In the period of about ten years which has elapsed since the publication of the Report of the Radhakrishnan Commission, the position in regard to legal education in the country has, it appears, definitely deteriorated. Excepting in certain centres like Bombay and Madras where full-time law colleges exist, education is imparted in part-time classes held in the mornings or in the evenings. The teachers are mainly legal practitioners who give tuition outside court hours. Some of these institutions are run exclusively by part-time teachers. Many of these institutions have no buildings or libraries of their own and classes are held in buildings belonging to arts colleges and other institutions.
Large numbers of the pupils serve in Government offices or elsewhere while attending the institutions and take the law course with a view to better their prospects in service by obtaining a law degree. Some are post-graduate students who, in addition to the post-graduate courses which they have taken and which are their main objective, wish to add to their qualifications a degree in law. Most of the students who crowd these institutions are young men who have not been able to secure employment; they take a course in law while waiting for a job with no intention of practising law as a profession.
7. Over-crowding in law colleges.-
Owing to the growth of unemployment in the educated youth of the country, some of these institutions are so overcrowded that classes are held in shifts and there are on the rolls of each class a large number of pupils, sometimes exceeding hundred. It is to these crowded classes that the part-time lecturer imparts his instruction, and the attendance he commands is only due to the anxiety of the pupil to have his attendance marked when the lecturer calls the roll. It is not surprising that in this chaotic state of affairs in a number of these institutions, there is hardly a pretence at teaching and that the holding of tutorials or seminars would be unthinkable. A senior lawyer characterised these institutions as "a profit-making industry".
8. Arts colleges running law classes (Instruction unnecessary).-
The Gorakhpur University which has recently come into existence and the Agra University, do not have law colleges affiliated to them nor a law department but, nevertheless, confer law degrees on students who seem to receive instruction in law in arts colleges. The Head of the Law College affiliated to the Utkal University informed us that the University had recently decided that permission be granted to persons of over thirty years of age to appear at the law examinations held by the University without submitting themselves to a course of teaching.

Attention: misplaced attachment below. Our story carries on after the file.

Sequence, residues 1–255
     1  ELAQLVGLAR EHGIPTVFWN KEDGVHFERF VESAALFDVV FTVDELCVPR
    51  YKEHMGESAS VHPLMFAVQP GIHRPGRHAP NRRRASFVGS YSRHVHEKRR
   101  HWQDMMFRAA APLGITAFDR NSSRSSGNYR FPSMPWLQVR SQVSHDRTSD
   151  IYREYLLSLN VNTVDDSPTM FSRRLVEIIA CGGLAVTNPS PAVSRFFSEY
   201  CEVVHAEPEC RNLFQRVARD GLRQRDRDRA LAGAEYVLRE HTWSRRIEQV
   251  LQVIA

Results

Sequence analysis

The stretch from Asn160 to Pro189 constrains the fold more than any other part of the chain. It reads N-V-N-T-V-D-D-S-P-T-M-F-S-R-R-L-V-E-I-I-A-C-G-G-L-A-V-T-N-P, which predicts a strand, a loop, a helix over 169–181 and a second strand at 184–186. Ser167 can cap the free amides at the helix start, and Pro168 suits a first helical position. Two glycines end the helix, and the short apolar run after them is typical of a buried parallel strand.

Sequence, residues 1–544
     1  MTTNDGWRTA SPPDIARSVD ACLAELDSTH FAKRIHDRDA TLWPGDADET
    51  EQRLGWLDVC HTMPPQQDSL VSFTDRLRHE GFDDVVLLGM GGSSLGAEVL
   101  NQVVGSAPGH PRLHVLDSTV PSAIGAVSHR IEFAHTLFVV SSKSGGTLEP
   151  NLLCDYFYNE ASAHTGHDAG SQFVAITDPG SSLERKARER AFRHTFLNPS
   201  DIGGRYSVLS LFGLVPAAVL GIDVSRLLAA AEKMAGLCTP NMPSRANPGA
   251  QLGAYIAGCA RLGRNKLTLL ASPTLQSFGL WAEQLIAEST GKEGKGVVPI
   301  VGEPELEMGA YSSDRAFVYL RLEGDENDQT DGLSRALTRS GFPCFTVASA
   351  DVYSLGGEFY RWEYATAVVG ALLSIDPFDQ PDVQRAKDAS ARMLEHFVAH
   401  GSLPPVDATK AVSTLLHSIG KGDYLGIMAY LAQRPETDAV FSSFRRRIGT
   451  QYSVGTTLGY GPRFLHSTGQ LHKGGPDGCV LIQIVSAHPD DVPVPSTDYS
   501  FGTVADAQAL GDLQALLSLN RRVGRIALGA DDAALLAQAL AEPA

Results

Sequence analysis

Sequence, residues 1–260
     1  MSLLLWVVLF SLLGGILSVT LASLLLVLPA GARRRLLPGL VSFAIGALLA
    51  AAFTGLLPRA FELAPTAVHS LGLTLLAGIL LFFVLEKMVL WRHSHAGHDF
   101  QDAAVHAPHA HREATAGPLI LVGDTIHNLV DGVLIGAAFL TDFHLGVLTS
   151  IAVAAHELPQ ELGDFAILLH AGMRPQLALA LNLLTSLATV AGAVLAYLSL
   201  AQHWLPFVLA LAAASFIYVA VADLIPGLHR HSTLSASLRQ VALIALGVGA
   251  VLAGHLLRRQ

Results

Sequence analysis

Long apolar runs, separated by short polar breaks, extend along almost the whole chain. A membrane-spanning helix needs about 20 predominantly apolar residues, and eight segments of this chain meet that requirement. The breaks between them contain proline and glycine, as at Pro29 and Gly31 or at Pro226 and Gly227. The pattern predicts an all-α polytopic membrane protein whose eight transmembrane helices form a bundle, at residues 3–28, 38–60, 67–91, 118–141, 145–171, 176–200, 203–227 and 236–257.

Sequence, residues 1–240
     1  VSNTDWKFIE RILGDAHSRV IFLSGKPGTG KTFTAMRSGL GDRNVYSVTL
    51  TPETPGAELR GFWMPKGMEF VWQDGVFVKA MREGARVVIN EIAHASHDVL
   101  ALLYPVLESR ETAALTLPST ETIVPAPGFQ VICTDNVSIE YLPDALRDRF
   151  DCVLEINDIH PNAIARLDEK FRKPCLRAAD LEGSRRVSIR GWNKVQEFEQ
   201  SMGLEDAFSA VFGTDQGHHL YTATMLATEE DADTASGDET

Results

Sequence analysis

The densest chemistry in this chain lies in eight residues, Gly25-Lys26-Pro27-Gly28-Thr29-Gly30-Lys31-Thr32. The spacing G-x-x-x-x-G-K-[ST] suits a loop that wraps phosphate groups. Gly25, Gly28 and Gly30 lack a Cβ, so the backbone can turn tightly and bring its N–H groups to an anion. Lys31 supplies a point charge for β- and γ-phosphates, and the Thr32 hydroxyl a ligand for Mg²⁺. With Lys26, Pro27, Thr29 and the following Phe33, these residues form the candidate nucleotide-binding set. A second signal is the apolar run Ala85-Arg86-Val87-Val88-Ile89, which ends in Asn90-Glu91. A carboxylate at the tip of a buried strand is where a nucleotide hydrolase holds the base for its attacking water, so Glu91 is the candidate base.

The so-called teaching imparted at institutions of this character is followed by law examinations held by the Universities, many of which are mere tests of memory and poor ones at that-which the students manage to pass by cramming short summaries or catechisms published by enterprising publishers. The results of such a system of education and its products were graphically described by a law teacher of experience and a former member of the Union Public Service Commission:
"There are already a plethora of LL.B's half-baked lawyers, who do not know even the elements of law and who are let loose upon society as drones and parasites in different parts of the country. As a member of the Union Public Service Commission, I have had occasions to interview several first class graduates of law from different Universities. Several of them did not know what subjects were prescribed either in the first or second LL.B; did not know the names of the books prescribed; did not know the sight of the books, because they had not seen them and asserted cheerfully that all they had done was to cram the lecturer's notes.
I can produce the names of the candidates who have given these answers to me, and the date and the time of the answers. This is a shocking thing, this kind of answer from a candidate who has obtained a first class in both parts of the LL.B. is indeed a sad state of affairs and must be corrected at an early date." This is what may truly be described as mass production of law graduates. What would one have thought of doctors or engineers or other technical men being trained in such a manner and let loose upon society?
9. Number of law colleges and their particulars.-
We annex a Statement at the end of this chapter showing the various institutions in the country imparting legal education and such particulars about them as we have been able to gather.
Role of lawyers in modern India.- It is unfortunate that we should have to present so dismal a picture of the character of the legal education imparted in the majority of institutions in our country. Apart from other considerations, the changes that have occurred and are occurring in the political, economic, and social life of the nation since the emergence of India as a sovereign democratic State require a radical alteration in the patterns of legal education, its objectives, scope and technique. In the India of today, men of law are bound to be called upon to play many and varies roles.
"If society is to be adapted to the profound changes in the basis of social and economic life, resulting from changes in world conditions after the war, and in India, particularly after 1947, we feel that is mainly the lawyers that India must look to. The legal profession is called upon to take stock of this situation and to contribute to wide social adjustments. If it fails to do it, it will ultimately be eliminated from the revolutionary scene. We feel that lawyers cannot remain aloof from these processes of evolution and legal education cannot wait until all other problems of the nation are solved. On the contrary, lawyers will be called upon to play an important part in these evolutionary processes. Their education, therefore, is of vital importance. This, therefore, is the right time for setting legal education on a sound basis."1
The Radhakrishnan Commission also expressed similar views.2
1. Report of the Bombay Legal Education Committee, 1949, p. 5.
2. Report of the University Education Commission, Vol. I, p. 258.
10. Re-orientation of legal education imperative.-
We express our entire agreement with these views. The conditions in India to-day make a complete reorientation of the outlook on legal education imperative. Before we consider specific problems relating to legal education, it is necessary to deal with some fundamental questions.